Wednesday, March 9, 2016


Our neighbor's flag and wind generator are both getting a workout
A long time ago, right after we got married, Deb and I moved to Kansas. I had never been in the vast midwest before and it was a bit disorientating for someone from the hills and ridges of the Allegheny Mountains. As we drove toward Wichita I remember thinking the horizon was impossibly far away and that there was something wrong with the trees. They were all growing with a noticeable lean. When I asked, a native told me it was the relentless wind that was bending them over. I don't think I believed the story at first, wind blowing the trees sideways. Someone, I thought, was pulling on my eastern-bred leg. Soon enough, I discovered there was no kidding involved. Sometimes the wind was blisteringly hot. Sometimes it drove the cold directly into my bones. Occasionally it would get itself all twisted up into a tornado and scour the earth down to bare dirt. Rare were the days when it didn't blow at all. I don't know that I ever got used to it though, I must admit, learning to fly there made me better than average at handling crosswind landings.

It seems like Kansans and sailors should have more words for wind, like the Inuit language and snow. Which got me curious. It turns out lists 22 synonyms for “wind”. Working our way down the ICW too late in the year left us exposed to a North American version of a mistral or two. Right now Boot Key is in a bit of a blow, gusts and flurries swinging the boats around and straining the anchor rode. I would be pretty happy with a few wafting and fluttering winds, but those might not be enough to keep the no-see-ems at bay when the sun goes down. A zephyr usually leaves behind a wish for a little more, as do puffs and whiffs and whisks. Boot Key is a bit too far east to get a chinook. It is curious that “cyclone”, “typhoon” and “tempest” are considered synonyms for wind, but not “hurricane”. I hope to avoid all of them. I could do without a “whirlwind” as well.

A sailor is more likely to use “draft” and “draught” as a noun for “beer”, not a synonym for wind. In addition, “draft” seems more like an inside wind, not an outside wind. I still don't feel like I'm “inside” when I am inside a boat. Under cover maybe, behind a wind break, but never “inside”. Maybe that changes if the boat is bigger?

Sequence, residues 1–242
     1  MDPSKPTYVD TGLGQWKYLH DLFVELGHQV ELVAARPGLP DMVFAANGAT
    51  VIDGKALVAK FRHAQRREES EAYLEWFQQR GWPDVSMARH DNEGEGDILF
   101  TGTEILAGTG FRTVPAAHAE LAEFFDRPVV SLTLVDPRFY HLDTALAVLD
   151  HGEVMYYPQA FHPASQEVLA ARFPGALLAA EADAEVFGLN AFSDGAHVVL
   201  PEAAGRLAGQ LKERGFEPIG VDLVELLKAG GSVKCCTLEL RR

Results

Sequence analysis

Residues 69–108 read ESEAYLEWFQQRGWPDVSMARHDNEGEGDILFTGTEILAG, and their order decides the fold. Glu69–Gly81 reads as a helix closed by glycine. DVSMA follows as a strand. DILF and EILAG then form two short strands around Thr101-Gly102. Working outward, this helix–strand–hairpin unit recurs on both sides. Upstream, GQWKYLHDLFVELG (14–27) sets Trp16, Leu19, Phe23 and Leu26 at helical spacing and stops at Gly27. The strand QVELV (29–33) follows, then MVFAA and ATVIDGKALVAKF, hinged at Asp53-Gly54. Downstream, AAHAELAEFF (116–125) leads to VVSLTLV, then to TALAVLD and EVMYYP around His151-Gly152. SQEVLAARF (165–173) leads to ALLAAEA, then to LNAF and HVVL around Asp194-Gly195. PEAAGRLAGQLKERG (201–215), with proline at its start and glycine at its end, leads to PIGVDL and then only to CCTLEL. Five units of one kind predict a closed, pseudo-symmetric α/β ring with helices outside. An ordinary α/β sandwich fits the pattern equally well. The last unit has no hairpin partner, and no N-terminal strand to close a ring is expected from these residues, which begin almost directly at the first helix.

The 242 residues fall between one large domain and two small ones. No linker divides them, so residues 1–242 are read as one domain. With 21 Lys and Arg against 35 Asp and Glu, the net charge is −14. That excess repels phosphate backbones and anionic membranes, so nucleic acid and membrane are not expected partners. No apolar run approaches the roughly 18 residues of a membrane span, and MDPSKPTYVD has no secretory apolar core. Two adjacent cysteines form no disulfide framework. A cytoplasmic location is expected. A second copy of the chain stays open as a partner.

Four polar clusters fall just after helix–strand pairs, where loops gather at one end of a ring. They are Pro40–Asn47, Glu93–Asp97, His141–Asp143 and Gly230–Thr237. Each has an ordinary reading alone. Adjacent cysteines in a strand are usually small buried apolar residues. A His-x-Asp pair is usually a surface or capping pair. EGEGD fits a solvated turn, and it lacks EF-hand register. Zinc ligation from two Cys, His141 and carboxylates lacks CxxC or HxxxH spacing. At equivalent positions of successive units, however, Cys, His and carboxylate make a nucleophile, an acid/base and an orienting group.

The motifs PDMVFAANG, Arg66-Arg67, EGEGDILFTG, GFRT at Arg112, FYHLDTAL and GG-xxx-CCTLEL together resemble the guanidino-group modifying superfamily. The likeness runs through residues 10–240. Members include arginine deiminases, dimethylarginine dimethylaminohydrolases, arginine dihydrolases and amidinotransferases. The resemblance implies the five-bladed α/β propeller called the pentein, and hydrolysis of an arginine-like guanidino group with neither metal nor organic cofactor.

The Beaufort scale always seemed like a good way to describe wind in ways that are really useful. These last few days have seen Force 5 and 6 winds here in Boot Key, but without fetch the sea state is more Force 2 or 3. But, try as I might, I haven't been able to forge the habit of thinking of winds that way. Maybe I should try harder. Force 6 is a “strong breeze”, a lot more livable than “The wind is freaking howling.” Which has been how I have been thinking of the wind these last couple of days. Mr Beaufort tends toward understatement; not a bad thing at all.

Someone needs to set up a “wind in the rigging” scale, or maybe tag it on to Mr. Beaufort's effort. A moan that sounds like a sad ghost looking for a place to rest? Nothing to worry about, Force 4. The mean-sounding moan of a ghost looking for a head to collect? Force 6, maybe 7. Take in a reef or make sure the anchor is set hard, maybe lay out a little more scope. A shriek that freezes the blood as the hordes spill out of the pit looking for the hapless? Time to get deadly serious in managing the boat or, if the boat is already on a dock, time to be somewhere else and let the insurance company worry about the boat. The goal is to remain deadly serious, and not just dead.

The palm trees are dancing hard in the wind. The water is incredibly murky here.

By the end of the week the winds should ease up enough for Kintala to be under way once again. It is hard not to think of it as the “last leg”, as we are getting near to sitting still for the better part of a year. We will be tied to a dock in a well protected boat yard, the winds inconsequential unless a hurricane targets the Tampa Bay area. Beaufort's scale of winds and waves will be replaced by the boatyard's "making the customer happy" scale. That scale is one I know pretty well from my days of when the customers were CEOs, CFOs, and COOs. Which, given the cost of some of the boats the yard sees, is likely to be the case once again. Those winds I know how to handle. 

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